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Home / Business / China introduces new capital controls, targets foreign property purchases, while Yuan falls to 11-year low

China introduces new capital controls, targets foreign property purchases, while Yuan falls to 11-year low

"Money wiring abroad is not allowed for the purpose of purchasing real estate or insurance products": Banker in China

China's State Foreign Administration (SAFE) has rolled out a new set of currency controls to cut capital flight from China to other countries, specifically targeting real estate investments from Chinese individuals and companies. This new set of currency controls includes limits for real estate investors that make obtaining money through foreign debt almost impossible and more stringent oversight of China's banks handling these transactions.

These new rules for banks kick in when SAFE declares the economic situation in China "abnormal", which will then allow SAFE to settle on bank outflows. However, according to the Nikkei Asian Review, SAFE had not revealed what criteria would be used to classify the situation as "abnormal" and transfers of foreign locations could be blocked by SAFE's incident.

When SAFE considers the situation "abnormal," banks are investigated more closely and will be graded on the amount of yuan they give to other countries and the amount of foreign currency they sell. If they are cheated on too many of these types of activities, SAFE may place restrictions on their other banking activities.

In addition, the Agency has ordered banks to obtain more documentation before processing transfers of funds to other countries. For example, parents who want to pay for school fees for their child in the United States must submit a letter of acceptance from the American University. For other types of money transfers to other countries, different types of documents must be submitted to the bank, such as a work permit.

The idea seems to be to let Chinese citizens go abroad and do normal things, such as working or studying, but not investing in foreign property.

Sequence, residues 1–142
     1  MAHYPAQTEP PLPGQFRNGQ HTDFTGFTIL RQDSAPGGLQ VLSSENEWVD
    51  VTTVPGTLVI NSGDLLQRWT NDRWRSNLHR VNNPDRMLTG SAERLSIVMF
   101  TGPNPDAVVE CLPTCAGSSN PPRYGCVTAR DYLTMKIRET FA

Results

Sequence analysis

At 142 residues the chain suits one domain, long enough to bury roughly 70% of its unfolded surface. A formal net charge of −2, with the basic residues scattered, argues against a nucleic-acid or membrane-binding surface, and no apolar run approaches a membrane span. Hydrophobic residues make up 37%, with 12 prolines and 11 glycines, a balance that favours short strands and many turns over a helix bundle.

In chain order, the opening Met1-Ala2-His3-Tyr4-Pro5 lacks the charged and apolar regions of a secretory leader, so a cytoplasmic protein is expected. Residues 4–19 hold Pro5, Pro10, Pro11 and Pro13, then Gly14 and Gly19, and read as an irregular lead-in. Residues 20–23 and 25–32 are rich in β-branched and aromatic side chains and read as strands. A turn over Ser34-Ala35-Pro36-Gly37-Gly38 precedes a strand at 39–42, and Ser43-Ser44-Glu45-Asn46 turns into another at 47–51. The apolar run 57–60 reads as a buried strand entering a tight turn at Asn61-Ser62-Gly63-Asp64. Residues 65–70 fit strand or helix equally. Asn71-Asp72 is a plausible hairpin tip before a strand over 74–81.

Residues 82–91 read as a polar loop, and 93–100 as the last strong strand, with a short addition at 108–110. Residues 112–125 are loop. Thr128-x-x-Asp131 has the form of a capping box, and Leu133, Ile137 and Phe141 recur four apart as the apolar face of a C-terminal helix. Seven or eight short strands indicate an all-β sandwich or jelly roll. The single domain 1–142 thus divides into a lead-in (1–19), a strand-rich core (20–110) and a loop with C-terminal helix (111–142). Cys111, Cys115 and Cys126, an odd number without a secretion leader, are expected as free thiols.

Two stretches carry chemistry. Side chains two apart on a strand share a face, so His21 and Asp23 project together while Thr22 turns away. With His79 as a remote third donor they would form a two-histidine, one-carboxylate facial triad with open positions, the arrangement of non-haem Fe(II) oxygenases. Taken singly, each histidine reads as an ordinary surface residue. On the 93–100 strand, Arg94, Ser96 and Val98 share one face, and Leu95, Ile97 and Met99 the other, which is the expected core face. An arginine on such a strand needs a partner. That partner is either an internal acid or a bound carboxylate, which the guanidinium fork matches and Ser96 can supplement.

"Wiring of money abroad is not allowed for the purpose of purchasing real estate or insurance products," said a representative at a Chinese bank in Stage 2 to Nikkei.

Chinese real Real estate developers investing in foreign real estate projects are faced with stricter limits on the issuance of bonds and loans in foreign currency. Issuing debt in foreign currency was a favorite way to finance foreign real estate ventures. Now, most of these developers are burdened with heavy debts in foreign currency debt and hamstrung by low credit rating. The total currency debt of these real estate developers was $ 1

70 billion in July, based on an estimate quoted by Nikkei.

The decreasing value of the Chinese yuan against foreign currencies has made it even more difficult for these companies to service their debt in foreign currency. And the yuan has had a good trip.

The yuan fell to 7.17 yuan to the US dollar on Thursday, an 11-year low, before recovering slightly Friday to 7.15 yuan to the US dollar. Back in 2012 through 2016, when much of this debt in foreign currency was issued, the yuan ranged from 6.1 to 6.4 yuan to dollar.

The National Development and Reform Commission, quoted by Nikkei, told these property developers that you can now only issue foreign currency debt with maturity of one year or less, and only to refinance existing debt, but not to raise new funds . This will mainly prevent these companies that are already overburdened with debt from financing new foreign real estate investments.

China's currency balance has been relatively stable – $ 3.1 trillion in July 2019 – since the panic of 2015-2016 when reserves plummeted from nearly a quarter from $ 4 trillion to close to $ 3 trillion, and capital flight was halted by capital controls set in works at the time (chart via Trading Economics):

The year 2016 – when much of the panic-filled currency control was rolled out – was also the year for high property purchases by Chinese entities in the United States. When it comes to buying homes from buyers from China and Hong Kong, they plunged 58% over the past two years to $ 13.4 billion for the 12-month period through March 2019, according to a recent report by the National Association of Realtors.

In Australia, falling home purchases by Chinese buyers are said to have contributed to the routine of house prices in Sydney and Melbourne.

Similar dynamics have played out in Vancouver, BC. But the BC government has also tried to reduce the influx of money from foreign foreign investors over the past two years via various tax policy changes, and is now trying to lift the money laundering covers through real estate.

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